In the financial markets as in life, there are striking divergences between the haves and the have-nots. The rich get richer and the poor get poorer – and similarly, the large-caps get larger while the small-caps get smaller.
It’s shocking but perhaps not surprising in a time when some people practically worship the handful of technology companies that are currently leading and supporting the S&P 500. Among them is Apple, which just announced a pair of virtual reality goggles that some folks are apparently eager to buy at a starting price of $3,499.
It won’t be available until next year, but you can be sure that shoppers will line up for the $3,499 headsets instead of just waiting a few more months and then buying them at a significant discount. When hype rules the tech landscape, price distortions are all too commonplace.
The analogy isn’t hard to see here, as financial traders are eager to buy Apple stock at $180 even though it was worth $125 at the beginning of the year. Perhaps they’re pricing in the assumption that a $3,499 headset will be a bestseller; if so, then Apple now has to live up to that expectation.
Still, Apple stock isn’t the frothiest of the bunch. The latest celebrity stock is a surprising winner of the AI arms race: Nvidia, which supplies the types of chips that are needed to run power-intensive generative AI applications.
The result is a data set that should make any value investor bristle: Nvidia currently trades at 204.4 times earnings, 135.06 times sales, and 50.44 times the company’s book value. But then, who’s even reading the book anymore when analysts are climbing over each other to praise Nvidia, the newly crowned king of AI hardware?
Courtesy: Charles Schwab, Bloomberg
The implications of this reach far beyond the small number of tech leaders in the S&P 500. While most technology stocks are above their 200-day mean, the majority of other sectors are either just average or below average; the worst laggards are financials, energy, and utilities stocks.
To put it another way, most stocks aren’t participating in the ongoing rally in large-cap U.S. stocks. Thus, we have an appearance of a sustainable S&P 500 rally, but that index is really only being held up by a few richly valued tech names.
This is possible because the S&P 500 is weighted by market cap, so you have the biggest companies (which, unsurprisingly, happen to be famous tech titans like Apple, Google, Microsoft, etc.) being strongly represented in the index. Meanwhile, hundreds of comparatively smaller listed companies have very little influence – individually, and even collectively – over the S&P 500.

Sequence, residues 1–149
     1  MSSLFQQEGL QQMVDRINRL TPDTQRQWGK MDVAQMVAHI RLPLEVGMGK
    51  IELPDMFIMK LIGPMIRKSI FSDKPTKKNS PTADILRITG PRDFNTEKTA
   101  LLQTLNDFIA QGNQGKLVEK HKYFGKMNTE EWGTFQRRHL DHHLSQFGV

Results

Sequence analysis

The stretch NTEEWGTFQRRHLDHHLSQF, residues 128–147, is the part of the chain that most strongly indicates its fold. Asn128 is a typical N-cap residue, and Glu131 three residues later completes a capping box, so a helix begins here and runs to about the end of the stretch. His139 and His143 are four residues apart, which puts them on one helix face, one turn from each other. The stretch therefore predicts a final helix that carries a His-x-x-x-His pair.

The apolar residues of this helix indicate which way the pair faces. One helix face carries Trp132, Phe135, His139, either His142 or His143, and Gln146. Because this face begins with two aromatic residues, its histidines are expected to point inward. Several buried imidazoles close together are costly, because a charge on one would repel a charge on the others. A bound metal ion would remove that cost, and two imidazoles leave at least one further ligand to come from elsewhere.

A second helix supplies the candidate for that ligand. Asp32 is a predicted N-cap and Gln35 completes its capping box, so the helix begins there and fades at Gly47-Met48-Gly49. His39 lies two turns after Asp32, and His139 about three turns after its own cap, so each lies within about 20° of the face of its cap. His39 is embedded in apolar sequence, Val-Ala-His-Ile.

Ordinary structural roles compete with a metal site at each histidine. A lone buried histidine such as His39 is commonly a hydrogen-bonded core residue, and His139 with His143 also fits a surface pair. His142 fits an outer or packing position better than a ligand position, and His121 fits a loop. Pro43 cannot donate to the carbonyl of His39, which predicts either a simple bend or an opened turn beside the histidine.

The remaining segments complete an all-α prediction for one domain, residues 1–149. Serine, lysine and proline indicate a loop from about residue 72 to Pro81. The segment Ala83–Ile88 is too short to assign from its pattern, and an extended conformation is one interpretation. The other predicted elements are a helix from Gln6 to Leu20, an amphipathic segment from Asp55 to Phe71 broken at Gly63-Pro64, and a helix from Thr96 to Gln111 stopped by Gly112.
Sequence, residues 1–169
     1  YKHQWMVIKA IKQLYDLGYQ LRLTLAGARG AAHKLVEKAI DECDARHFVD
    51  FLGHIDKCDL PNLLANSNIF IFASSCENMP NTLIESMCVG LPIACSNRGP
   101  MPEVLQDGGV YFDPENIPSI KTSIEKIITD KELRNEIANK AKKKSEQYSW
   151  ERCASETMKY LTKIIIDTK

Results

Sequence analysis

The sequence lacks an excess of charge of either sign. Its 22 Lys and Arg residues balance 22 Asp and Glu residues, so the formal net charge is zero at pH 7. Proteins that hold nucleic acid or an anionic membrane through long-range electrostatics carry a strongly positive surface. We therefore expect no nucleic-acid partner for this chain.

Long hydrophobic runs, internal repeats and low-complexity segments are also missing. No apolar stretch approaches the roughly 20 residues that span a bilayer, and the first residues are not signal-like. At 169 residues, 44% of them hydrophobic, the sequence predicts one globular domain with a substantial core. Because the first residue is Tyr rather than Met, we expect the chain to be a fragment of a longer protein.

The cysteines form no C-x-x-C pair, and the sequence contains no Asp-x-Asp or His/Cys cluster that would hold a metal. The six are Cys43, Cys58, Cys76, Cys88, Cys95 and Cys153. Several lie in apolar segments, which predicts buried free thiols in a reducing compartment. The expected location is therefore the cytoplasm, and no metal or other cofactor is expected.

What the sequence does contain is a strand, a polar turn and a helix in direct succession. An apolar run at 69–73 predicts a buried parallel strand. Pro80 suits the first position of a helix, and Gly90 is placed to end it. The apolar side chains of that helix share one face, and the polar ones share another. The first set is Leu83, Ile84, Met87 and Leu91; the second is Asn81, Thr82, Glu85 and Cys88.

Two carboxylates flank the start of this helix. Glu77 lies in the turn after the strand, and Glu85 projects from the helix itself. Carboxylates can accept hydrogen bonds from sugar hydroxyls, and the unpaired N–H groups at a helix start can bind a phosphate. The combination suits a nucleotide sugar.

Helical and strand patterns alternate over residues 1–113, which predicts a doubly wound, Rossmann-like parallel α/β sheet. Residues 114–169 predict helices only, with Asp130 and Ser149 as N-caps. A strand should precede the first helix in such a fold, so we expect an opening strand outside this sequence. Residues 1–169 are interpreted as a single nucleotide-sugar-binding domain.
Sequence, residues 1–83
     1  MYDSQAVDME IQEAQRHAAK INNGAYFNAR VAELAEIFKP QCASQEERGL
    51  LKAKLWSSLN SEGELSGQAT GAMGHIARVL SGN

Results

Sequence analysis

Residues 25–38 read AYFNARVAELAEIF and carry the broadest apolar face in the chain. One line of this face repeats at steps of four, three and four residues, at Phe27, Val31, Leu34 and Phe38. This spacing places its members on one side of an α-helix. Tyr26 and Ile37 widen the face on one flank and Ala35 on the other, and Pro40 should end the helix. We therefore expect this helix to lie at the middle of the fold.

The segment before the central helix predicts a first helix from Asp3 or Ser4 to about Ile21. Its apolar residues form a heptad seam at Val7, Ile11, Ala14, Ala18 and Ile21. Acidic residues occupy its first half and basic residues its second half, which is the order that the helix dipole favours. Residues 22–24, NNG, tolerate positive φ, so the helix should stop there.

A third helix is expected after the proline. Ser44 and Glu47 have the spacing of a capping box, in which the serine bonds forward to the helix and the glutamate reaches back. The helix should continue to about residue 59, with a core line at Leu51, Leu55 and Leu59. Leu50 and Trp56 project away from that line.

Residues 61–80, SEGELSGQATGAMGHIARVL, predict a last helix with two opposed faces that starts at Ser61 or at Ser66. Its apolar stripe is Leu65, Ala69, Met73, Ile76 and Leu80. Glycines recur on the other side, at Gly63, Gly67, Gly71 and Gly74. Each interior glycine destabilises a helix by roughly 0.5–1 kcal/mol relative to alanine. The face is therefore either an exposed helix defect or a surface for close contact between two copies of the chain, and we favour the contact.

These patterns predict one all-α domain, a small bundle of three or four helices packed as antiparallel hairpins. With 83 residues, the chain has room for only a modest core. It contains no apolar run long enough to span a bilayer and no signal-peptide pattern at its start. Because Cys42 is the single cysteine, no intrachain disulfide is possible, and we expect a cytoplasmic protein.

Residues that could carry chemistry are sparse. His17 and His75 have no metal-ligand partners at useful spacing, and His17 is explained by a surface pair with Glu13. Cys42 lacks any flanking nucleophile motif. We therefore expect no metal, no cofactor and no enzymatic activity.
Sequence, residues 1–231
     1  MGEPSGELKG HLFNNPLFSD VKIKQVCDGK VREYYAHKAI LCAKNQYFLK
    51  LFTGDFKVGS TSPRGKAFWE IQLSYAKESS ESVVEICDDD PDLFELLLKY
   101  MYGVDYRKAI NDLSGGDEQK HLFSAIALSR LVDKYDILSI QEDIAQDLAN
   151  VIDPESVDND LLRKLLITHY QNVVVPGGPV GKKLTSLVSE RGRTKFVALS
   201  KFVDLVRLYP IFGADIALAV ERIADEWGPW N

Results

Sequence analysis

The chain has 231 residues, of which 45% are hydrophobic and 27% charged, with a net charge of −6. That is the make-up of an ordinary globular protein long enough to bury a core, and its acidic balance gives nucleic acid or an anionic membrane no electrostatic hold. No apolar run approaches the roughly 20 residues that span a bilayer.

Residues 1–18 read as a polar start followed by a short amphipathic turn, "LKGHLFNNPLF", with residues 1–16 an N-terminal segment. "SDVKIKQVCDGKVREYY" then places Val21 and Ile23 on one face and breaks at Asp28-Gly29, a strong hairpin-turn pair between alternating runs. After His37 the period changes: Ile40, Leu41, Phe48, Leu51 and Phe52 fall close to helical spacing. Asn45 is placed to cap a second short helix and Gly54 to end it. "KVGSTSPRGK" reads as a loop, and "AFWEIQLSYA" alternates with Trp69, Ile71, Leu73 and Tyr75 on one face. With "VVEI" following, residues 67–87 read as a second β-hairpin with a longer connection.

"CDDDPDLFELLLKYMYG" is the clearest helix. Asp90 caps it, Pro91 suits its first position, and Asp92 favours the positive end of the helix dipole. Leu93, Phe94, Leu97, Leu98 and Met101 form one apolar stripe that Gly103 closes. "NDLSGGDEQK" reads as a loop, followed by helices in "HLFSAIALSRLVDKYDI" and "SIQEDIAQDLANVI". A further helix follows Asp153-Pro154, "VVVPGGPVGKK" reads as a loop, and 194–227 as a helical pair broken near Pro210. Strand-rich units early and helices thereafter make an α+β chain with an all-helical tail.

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Again, the rich only get richer. As these technology stocks move higher, analysts are practically forced to raise their price targets; financial traders then celebrate these price-target hikes by purchasing more shares. It’s a virtuous cycle, assuming greed is a virtue.
Here’s another way to look at it: If you track an equal-weighted index of the S&P 500 (which you can actually do through the ETF with the ticker symbol RSP), you’ll notice that it’s actually on a downtrend, not an uptrend. Yet, the actual S&P 500 isn’t egalitarian, so it’s able to hide the laggards and deceive the inattentive and uninformed.
Courtesy: Bloomberg, Liz Young
The extreme outperformance of “info tech” stocks relative to the S&P 500 overall (shown above) can create rare and bizarre disparities and dislocations. Whether this is tradable is a different story entirely, though: Would you dare to short-sell tech stocks and risk getting run over by a steamroller?
I certainly don’t recommend that, as the market can remain irrational longer than any of us can remain solvent. The most sensible approach, as I see it, would be to trim any large-cap tech-sector holdings that are up by double-digit percentages this year.
Then, start looking for new opportunities that hardly anybody’s talking about. Just imagine the returns you would have gotten by investing in AI-related stocks prior to 2023, or e-commerce stocks a decade ago.
You could potentially achieve similar results by looking forward in your research instead of looking at whatever outperformed today and yesterday. Or, you can take your chances with a deceptive, lopsided benchmark index with 500 components but only a few that actually move it.
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